UPDATE: November 26, 2019: Plus-size apparel retailer Avenue will convert its Chapter 11 case to a Chapter 7 liquidation, according to a Nov. 22 filing with the United States Bankruptcy Court for the District of Delaware.
- Avenue Stores filed for Chapter 11 late on Friday, outlining its plans to close its physical retail footprint and sell its e-commerce business in bankruptcy.
- All remaining 222 stores are expected to close by the end of September, the plus-size women's apparel retailer said in a press release. Avenue previously opted to liquidate and started the going-out-of-business sales before publicly announcing its plans.
- To fund it through the Chapter 11 process, Avenue has a commitment of $11 million for debtor-in-possession financing from the retailer's primary lender (PNC Bank), Avenue said.
Avenue was formed more than 30 years ago from the spin-off of Limited Brands' combined Lerner Woman and Sizes Unlimited units. The new business, named United Retail Group, went through an initial public offering (in 1992), an acquisition (2007) by Redcats USA and a previous bankruptcy (2012).
Private equity firm Versa Capital Management bought the retailer out of bankruptcy. Avenue CFO David Rhoads said in court papers that initiatives that followed the company's exit from bankruptcy — including new customer management software, improvements to the retailers buy online, pick up in-store process, and an e-commerce expansion — led to five profitable years of operations.
But Rhoads invoked a litany of challenges since then. He pointed to "an extremely competitive retail environment," that including not only other specialists like Lane Bryant, Torrid and Ashley Stewart but also mass merchants like Walmart and Target as well as a "recent influx of many other iconic fashion retail brands" expanding into the plus-size space. Avenue also had recent fashion misses, including placing "too much emphasis on fashion basics," Roads said.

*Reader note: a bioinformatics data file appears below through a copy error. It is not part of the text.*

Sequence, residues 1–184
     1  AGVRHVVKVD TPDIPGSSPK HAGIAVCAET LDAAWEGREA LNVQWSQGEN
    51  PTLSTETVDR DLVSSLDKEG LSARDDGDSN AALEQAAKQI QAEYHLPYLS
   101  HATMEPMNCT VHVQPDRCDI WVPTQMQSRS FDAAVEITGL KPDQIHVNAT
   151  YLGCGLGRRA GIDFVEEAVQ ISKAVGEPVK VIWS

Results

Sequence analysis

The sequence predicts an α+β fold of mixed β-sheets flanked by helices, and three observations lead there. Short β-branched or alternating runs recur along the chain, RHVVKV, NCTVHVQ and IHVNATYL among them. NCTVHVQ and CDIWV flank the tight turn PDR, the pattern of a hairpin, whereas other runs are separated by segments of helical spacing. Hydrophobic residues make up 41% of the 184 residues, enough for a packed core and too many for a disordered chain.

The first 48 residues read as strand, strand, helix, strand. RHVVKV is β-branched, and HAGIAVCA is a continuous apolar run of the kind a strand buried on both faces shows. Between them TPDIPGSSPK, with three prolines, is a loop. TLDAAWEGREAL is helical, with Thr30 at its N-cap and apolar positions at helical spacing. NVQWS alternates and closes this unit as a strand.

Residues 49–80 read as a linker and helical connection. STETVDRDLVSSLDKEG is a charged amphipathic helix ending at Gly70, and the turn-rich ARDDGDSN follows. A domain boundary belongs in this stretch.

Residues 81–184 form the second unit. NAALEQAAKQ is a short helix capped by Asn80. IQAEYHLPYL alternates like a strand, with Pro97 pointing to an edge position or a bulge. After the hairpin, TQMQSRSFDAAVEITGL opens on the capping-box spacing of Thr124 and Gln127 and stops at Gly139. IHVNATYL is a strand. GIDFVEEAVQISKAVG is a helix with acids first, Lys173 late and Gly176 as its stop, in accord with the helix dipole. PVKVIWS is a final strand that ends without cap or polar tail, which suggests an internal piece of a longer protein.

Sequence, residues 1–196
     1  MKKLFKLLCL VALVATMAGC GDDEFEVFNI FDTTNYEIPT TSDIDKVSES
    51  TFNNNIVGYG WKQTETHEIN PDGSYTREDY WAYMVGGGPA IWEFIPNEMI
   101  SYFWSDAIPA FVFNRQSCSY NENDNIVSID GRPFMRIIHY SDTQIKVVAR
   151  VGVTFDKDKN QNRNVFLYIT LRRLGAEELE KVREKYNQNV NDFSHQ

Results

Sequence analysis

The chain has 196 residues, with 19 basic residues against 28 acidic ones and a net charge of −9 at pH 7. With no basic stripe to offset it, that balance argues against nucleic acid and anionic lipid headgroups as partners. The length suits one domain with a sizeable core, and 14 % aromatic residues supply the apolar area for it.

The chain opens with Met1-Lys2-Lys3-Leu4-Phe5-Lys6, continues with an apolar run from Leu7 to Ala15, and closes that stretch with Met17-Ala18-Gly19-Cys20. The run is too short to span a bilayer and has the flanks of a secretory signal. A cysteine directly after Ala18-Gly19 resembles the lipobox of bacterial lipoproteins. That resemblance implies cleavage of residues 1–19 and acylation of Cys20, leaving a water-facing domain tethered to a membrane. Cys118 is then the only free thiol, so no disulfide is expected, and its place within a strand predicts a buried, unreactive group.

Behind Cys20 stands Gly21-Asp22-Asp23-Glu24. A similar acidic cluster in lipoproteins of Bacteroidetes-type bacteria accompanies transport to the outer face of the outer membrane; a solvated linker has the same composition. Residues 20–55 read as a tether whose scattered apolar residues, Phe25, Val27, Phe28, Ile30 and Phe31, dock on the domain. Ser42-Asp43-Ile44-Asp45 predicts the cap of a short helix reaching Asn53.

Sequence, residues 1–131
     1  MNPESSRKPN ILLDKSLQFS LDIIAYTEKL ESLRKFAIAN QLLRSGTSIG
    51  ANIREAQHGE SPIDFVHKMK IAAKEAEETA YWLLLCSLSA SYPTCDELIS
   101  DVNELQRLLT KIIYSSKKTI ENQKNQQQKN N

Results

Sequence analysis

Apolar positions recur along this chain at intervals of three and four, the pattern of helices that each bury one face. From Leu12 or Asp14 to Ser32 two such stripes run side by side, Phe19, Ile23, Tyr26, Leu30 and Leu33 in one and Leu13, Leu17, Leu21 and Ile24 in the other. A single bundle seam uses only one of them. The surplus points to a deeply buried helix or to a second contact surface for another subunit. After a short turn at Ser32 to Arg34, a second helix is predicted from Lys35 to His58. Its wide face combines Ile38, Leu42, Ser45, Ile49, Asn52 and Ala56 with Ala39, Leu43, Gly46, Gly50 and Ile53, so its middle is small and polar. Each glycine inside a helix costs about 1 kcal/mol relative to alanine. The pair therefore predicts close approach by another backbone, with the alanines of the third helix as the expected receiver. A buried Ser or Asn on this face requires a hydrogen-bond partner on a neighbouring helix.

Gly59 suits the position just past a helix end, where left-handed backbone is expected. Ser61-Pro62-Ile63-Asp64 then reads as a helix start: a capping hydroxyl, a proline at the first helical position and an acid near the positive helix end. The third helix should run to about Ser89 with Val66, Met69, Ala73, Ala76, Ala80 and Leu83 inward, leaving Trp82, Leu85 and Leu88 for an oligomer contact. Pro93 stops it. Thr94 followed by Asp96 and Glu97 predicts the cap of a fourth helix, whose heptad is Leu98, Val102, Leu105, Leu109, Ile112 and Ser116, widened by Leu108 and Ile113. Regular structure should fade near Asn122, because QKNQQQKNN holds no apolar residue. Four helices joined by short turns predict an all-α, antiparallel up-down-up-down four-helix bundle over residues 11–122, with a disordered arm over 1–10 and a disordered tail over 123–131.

Add to that high lease costs, declining mall traffic, increased online shopping, frantic discounting in the apparel space and data that Rhoads said showed Avenue's customers were shopping less frequently — with key holidays like Mother's Day falling short of projections — and the company buckled under its capital structure. For the first five months of 2019, Avenue made sales of $75.3 million but had negative earnings of $886,000.
In late July, PNC notified Avenue that it was in default on its asset-backed loan agreement and started sweeping cash out of the retailer's accounts with the bank to make payments on its loan facility, Rhoads said. At the time of filing, Avenue owed more than $53 million on its ABL and a subordinated note, as well as another $25 million in other unsecured debt, including money owed to landlords.
As Avenue's financial picture darkened this year, the retailer brought in consultants to review its options. After closing an initial round of stores and a distribution center in July, the retailer opted to shut down its physical stores while selling off its e-commerce operations. On Aug. 9, it quietly held an auction for liquidators interested in running the closing sales for its stores.
Store employees apparently had no idea the company they worked for was preparing to shut down its physical footprint. According to Retail Dive reporting, Avenue staff were told in an Aug. 9 conference call that the company planned to close its stores. Those who spoke with Retail Dive said the notice came as a surprise. Nor did Avenue indicate to its customers that it was liquidating its stores, until its liquidators issued a press release the day after Retail Dive published a story about the wind-down of its stores.
As the stores close, Avenue is readying for the sale of its e-commerce unit (consisting of Avenue.com and Loralette.com), which Rhoads said generates 36% of the company's sales and was relatively strong compared to its store operations.